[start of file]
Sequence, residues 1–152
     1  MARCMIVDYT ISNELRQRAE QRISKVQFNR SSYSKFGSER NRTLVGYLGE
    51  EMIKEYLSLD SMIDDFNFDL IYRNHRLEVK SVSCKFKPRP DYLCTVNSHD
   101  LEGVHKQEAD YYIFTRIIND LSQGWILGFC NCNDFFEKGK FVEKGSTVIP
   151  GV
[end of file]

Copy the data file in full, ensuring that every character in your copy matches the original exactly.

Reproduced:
Sequence, residues 1–152
     1  MARCMIVDYT ISNELRQRAE QRISKVQFNR SSYSKFGSER NRTLVGYLGE
    51  EMIKEYLSLD SMIDDFNFDL IYRNHRLEVK SVSCKFKPRP DYLCTVNSHD
   101  LEGVHKQEAD YYIFTRIIND LSQGWILGFC NCNDFFEKGK FVEKGSTVIP
   151  GV